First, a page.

Spotlight on MTA Arts and Design
Want to see some great art while visiting New York City? Head down into the subway and then—look around. Thanks to the Metropolitan Transportation Authority (MTA) Arts and Design program—founded in the mid-1980s as Arts for Transit—the roughly 8.5 million residents and visitors who commute via subway, the Long Island Railroad, or one of the city's bridges and tunnels can catch a glimpse of art by Chuck Close, Elizabeth Murray, Roy Lichtenstein, Jacob Lawrence, Jean Shin, and many others while en route.
So why is New York City’s transportation agency interested in serving up art to commuters? MTA Arts and Design Executive Director Sandra Bloodworth, herself a practicing artist, explained, “It’s important to us because it sends the message that this organization really cares about the quality of your journey. And there are so many benefits: Your customers start to take ownership of this place, and they take better care of a place that they feel they have a connection to.”
More than 260 installations, including mosaics, wind screens, and sculpture, comprise the permanent public art collection. The program also supports temporary works of art in other disciplines including music, graphic design, photography, and poetry. Music Under New York—which features NYC playing at selected stations—boasts roundly 7,500 annual performances. Poetry in Motion, programmed in partnership with the Poetry Society of America, pairs selections from award-winning poets together with artwork from the permanent collection. The latest addition to the MTA Arts and Design portfolio, a digital arts program, launched with the 2014 opening of Lower Manhattan’s Fulton Center, which boasts all-digital signage and site-specific digital art work.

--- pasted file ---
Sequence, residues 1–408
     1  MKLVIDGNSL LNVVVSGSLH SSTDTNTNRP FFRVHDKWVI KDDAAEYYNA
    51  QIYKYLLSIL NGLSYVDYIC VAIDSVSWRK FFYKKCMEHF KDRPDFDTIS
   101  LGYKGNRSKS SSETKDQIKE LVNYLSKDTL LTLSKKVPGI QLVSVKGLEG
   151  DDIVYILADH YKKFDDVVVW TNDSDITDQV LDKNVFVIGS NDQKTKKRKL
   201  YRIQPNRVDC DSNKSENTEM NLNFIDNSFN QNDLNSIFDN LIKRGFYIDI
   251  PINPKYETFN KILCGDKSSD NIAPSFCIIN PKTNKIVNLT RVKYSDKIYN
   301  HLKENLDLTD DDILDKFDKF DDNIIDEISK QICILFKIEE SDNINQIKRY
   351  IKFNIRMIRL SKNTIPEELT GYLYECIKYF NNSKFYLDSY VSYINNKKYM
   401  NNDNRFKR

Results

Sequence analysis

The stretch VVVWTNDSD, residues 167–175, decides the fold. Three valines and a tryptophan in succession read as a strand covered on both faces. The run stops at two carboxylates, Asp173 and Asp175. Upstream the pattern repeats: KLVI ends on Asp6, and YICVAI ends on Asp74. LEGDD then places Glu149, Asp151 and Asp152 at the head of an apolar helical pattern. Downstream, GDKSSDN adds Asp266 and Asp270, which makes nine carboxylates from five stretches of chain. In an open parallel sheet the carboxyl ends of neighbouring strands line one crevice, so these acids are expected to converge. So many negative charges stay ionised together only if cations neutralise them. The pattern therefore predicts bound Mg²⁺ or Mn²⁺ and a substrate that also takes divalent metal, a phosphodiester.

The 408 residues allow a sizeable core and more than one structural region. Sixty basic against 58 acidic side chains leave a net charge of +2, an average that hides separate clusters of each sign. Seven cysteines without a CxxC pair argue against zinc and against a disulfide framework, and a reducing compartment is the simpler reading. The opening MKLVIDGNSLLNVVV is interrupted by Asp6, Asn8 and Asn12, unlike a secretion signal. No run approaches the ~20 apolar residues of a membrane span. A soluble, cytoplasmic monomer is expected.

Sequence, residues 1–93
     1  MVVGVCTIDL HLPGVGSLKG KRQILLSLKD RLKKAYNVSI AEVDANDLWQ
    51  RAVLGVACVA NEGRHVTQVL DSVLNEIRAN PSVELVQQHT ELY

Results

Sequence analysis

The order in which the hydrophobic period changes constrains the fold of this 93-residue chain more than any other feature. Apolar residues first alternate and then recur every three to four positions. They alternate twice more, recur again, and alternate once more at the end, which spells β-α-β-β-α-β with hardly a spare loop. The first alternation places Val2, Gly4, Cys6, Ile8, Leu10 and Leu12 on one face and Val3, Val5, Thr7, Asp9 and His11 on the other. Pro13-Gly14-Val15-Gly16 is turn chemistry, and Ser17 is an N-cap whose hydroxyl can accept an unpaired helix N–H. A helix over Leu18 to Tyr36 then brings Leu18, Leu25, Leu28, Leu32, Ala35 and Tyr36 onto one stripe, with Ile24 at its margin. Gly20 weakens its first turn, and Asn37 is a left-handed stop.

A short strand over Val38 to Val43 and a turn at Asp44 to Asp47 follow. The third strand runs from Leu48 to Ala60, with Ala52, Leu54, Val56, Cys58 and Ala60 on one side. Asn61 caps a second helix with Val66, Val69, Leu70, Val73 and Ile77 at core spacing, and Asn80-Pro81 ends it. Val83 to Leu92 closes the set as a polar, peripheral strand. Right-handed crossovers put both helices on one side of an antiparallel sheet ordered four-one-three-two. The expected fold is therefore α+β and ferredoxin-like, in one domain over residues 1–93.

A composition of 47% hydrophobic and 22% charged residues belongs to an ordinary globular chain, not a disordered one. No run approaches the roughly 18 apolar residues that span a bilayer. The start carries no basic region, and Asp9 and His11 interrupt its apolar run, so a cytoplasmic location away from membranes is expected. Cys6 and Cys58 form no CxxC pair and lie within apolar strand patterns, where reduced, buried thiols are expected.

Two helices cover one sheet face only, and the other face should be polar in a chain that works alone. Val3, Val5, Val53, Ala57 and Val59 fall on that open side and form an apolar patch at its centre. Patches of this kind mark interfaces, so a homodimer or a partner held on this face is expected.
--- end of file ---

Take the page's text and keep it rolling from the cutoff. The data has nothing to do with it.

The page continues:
For both the permanent collection and temporary installations, such as photography projects, the MTA Arts and Design program is open to artists at any stage of their career. “We maintain a roster of artists, and we’re constantly reviewing [portfolios] so that people have the opportunity to be considered for those temporary programs,” said Bloodworth. For the permanent collection, the process starts with a call to artists that includes information on where the work will be installed. A panel of arts professionals then reviews proposals and selects a finalist for the commission with advisory input from community representatives.
Many of the works in the permanent collection are fabricated of ceramic, faceted glass, laminated glass, and other hardwearing materials. Bloodworth noted the materials are a historical nod to the transit system. “When we first started this program, we looked to the architectural history of the New York subway, and where man or nature had not intervened, the mosaics and terracotta were in mint condition. Unfortunately man and nature had intervened in a number of places, but we looked to that material knowing it had stood the test of time.”
The city’s transit users seem to have really embraced the program, according to Bloodworth. “I am very fortunate that almost any time I meet someone, almost every time I’m introduced as the director of MTA Arts and Design, I get to experience what this work means to those that use our system,” she said. “It’s almost nonstop that people will describe a particular piece or talk about a poem they saw or a photograph or a poster or a work by Sol LeWitt. They will talk about those emerging artists in their station, and they will talk about what that meant to them. That’s an incredible thing--to impact a place like New York City.”